Severe weather season is upon us again. Unfortunately major outbreaks have already occurred across the Southern Plains and throughout the Southeastern U.S. recently. Over the past week, more than 100 tornado-related and over 500 hail reports have been received.
Our Aeris Weather API provides a variety of severe weather-related endpoints you can use in your own applications so you and your users stay on top of threatening conditions. All of the severe weather endpoints we’ll review are available via our Aeris API Premium and free developer accounts.
This article will be the first in a series detailing our severe weather-related endpoints. We will first highlight the severe weather endpoints, while future posts over the coming weeks will step through the endpoints to provide additional details and examples.
Our threats endpoint provides a localized summary of potential storm threats. This endpoint provides information on threatening storms currently affecting or approaching a particular location, all while ignoring non-threatening storms and storms not directly approaching the given location. We utilize this same threats endpoint within the Aeris Pulse mobile application to define the pulsing direction area storm threat phrasing. Our storm threats map also visualizes this information with additional detail for any location.
Our stormcells endpoint provides observed data and forecasts for individual storm cells across the United States. This storm cell information is a radar-derived product that attempts to identify and track storm cell movement. Cell intensity and severe weather signatures within the cell, such as rotation and hail, are also reported. The forecast track can be obtained as a polygon cone or as a line. One unique feature of the stormcells endpoint is the ability to query and determine when and where a cell will affect a particular location or list of locations based on the forecast cone.
Along with the stormcells API endpoint, the Aeris Mapping Platform (AMP) also provides a group of storm cell layers.
Our stormcells summary endpoint provides an overall overview of the current storm cells. For example, you can: obtain the total number of storms cells; query the maximum hail currently reported within all storm cells; or query the number of storm cells with a high probability of hail within a 50-mile radius. Polygons of storm cell groups are also included in the summary, allowing you to plot clusters of storm activity on maps. Coverage area includes all US states, Puerto Rico and Guam.
Our convective outlook endpoint provides access to the connective weather outlooks from the Severe Prediction Center (SPC). You can access the convective outlook for the next eight days as well as the hail, wind and tornadic outlooks for the current day.
You can query for many different datasets using the convective outlook endpoint, including: obtaining the polygons to plot on a map; querying by location to find the convective threats for that location; or fetching a list of places sorted by population within a particular connective threat.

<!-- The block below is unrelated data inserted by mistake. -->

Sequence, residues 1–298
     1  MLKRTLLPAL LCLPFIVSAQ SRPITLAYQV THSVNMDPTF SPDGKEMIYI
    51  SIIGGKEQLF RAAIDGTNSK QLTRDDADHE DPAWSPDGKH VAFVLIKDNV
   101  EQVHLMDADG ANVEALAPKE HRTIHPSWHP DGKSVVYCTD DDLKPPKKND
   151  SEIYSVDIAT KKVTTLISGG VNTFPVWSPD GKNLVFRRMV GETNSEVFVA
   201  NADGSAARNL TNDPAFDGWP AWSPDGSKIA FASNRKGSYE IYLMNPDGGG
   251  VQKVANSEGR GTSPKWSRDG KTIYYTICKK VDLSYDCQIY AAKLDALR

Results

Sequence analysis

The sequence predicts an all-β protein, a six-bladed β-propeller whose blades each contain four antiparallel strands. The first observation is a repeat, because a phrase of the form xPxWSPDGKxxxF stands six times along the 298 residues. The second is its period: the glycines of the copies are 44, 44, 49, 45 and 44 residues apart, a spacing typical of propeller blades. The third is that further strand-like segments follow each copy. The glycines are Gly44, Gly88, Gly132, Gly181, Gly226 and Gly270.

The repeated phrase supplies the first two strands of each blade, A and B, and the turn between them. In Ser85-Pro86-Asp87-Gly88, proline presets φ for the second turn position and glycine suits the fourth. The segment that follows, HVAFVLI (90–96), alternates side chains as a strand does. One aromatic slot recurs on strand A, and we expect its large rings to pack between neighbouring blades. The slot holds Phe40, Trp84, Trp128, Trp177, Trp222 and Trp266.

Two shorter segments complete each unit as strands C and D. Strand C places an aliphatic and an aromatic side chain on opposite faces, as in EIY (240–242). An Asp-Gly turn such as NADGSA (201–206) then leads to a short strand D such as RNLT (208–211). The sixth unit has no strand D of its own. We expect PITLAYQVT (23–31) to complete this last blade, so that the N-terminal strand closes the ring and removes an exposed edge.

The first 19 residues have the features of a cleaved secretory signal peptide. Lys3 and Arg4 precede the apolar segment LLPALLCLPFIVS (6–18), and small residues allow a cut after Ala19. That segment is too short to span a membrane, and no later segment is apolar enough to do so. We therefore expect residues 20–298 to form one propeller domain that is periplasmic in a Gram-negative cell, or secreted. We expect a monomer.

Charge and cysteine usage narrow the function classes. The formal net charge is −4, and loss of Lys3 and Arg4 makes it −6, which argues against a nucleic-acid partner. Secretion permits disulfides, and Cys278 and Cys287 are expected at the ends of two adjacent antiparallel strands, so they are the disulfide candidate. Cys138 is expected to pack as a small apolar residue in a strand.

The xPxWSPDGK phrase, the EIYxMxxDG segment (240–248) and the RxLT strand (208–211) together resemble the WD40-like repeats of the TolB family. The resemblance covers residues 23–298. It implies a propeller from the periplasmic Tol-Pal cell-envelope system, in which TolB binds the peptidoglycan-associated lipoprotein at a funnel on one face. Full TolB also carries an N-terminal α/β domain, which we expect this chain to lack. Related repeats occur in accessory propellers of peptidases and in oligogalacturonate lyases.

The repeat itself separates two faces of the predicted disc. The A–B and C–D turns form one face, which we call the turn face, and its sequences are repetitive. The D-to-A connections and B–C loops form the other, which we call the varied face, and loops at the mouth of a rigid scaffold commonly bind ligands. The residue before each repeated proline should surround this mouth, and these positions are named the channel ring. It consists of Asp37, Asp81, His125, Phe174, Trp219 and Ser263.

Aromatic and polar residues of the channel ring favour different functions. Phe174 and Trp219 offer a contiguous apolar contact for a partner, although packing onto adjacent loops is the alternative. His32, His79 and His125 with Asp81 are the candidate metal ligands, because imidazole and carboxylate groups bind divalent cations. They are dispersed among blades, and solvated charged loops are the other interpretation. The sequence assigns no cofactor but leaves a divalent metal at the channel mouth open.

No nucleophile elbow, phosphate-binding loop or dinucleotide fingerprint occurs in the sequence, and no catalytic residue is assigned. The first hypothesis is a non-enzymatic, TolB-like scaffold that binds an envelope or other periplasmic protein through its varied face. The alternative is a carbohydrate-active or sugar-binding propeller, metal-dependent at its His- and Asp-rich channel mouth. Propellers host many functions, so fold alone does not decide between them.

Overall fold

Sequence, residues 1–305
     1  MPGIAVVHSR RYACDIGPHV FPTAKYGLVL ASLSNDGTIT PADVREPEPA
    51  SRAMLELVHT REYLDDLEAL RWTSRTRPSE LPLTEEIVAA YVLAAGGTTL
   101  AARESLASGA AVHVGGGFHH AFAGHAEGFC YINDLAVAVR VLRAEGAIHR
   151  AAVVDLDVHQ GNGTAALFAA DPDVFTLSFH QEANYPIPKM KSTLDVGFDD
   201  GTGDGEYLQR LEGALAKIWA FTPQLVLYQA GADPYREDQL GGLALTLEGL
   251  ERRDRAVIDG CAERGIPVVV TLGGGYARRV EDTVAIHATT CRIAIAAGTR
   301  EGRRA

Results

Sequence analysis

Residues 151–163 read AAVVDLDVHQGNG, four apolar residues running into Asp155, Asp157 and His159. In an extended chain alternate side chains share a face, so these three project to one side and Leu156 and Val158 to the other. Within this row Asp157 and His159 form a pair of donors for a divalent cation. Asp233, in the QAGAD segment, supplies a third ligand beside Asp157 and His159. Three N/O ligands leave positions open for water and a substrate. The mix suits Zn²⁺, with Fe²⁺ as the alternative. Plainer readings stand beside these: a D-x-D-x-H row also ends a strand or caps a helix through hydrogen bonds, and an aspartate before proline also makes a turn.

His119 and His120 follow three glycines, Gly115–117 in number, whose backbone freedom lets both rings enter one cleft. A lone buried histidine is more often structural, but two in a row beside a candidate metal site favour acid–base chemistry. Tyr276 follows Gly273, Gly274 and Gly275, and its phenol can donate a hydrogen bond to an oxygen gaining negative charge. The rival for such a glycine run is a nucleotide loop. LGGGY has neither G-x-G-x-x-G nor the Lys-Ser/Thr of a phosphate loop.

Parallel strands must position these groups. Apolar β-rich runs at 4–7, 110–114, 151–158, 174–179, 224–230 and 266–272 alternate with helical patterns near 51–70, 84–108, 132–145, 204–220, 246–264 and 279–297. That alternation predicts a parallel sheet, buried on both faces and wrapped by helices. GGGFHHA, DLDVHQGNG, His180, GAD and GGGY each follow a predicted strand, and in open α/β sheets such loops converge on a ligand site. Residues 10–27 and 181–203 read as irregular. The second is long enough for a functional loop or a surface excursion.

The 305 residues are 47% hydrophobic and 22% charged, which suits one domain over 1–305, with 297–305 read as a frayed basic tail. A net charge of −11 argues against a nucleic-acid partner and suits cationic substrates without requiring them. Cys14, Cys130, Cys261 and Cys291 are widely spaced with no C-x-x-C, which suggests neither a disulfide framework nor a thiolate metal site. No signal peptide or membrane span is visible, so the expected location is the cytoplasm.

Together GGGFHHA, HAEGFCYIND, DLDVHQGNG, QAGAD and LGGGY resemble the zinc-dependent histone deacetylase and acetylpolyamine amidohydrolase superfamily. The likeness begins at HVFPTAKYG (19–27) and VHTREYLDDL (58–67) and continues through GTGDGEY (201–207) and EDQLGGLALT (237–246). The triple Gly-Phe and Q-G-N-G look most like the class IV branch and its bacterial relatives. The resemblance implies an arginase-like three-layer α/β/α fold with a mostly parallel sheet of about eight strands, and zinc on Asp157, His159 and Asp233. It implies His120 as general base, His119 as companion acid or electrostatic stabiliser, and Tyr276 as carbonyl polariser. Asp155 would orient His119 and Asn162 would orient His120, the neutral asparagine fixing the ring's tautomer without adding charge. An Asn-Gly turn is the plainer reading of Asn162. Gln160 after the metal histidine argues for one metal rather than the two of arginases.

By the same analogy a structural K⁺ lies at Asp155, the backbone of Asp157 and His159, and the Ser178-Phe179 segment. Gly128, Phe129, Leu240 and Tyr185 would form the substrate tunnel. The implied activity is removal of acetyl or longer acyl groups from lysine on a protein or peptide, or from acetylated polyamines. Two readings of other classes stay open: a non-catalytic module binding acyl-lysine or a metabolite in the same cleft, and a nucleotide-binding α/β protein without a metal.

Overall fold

Our advisories endpoint provides access to all currently active US advisories as issued by the National Weather Service (NWS). The NWS issues a variety of severe weather warnings, watches, and advisories for a localized regions, counties, or forecast zones.
During severe weather season, this endpoint is indispensable for obtaining the latest tornado and severe thunderstorm watches and warnings. For tornado, severe thunderstorm or flood warnings, the localized polygon of the area covered by the warning is also included.
Along with the advisories API endpoint, the Aeris Mapping Platform (AMP) also provides a group of advisory/alerts layers.
Our storm reports endpoint provides access to the local storm reports as transmitted by the National Weather Service (NWS). These reports provide information about severe weather events for a specific location and originate from storm spotters, such as amateur radio operators, storm chasers, law enforcement, emergency management, or citizens. Storm report information is available from the early 1900s through the current date.
This endpoint is perfect for finding and visualizing the number of tornado and hail reports as storms progress. Many reports will include additional details specific to the event, such as hail size, wind speeds, and precipitation amounts.
Our Storm Reports Visualizer is a great example of utilizing the storm reports endpoint for a visualization.
Our storm reports summary endpoint is a newer endpoint that provides an overall summary of received storm reports based on search/filter criteria. Some sample use cases include: obtaining the number of storm reports received within a time frame and geographical area; maximum rainfall or wind speeds reported from all reports; or the number of tornadic storm reports within a 500-mile radius of a particular location.
We’ve reviewed the many capabilities for integrating severe weather information into your own applications using the endpoints offered within our Aeris Weather API. Over the next few installments, we will step through these endpoints in more detail to expand on their capabilities and provide more detailed examples. Severe weather season is well underway, so get started with our free developer account to experiment with our severe weather datasets and imagery.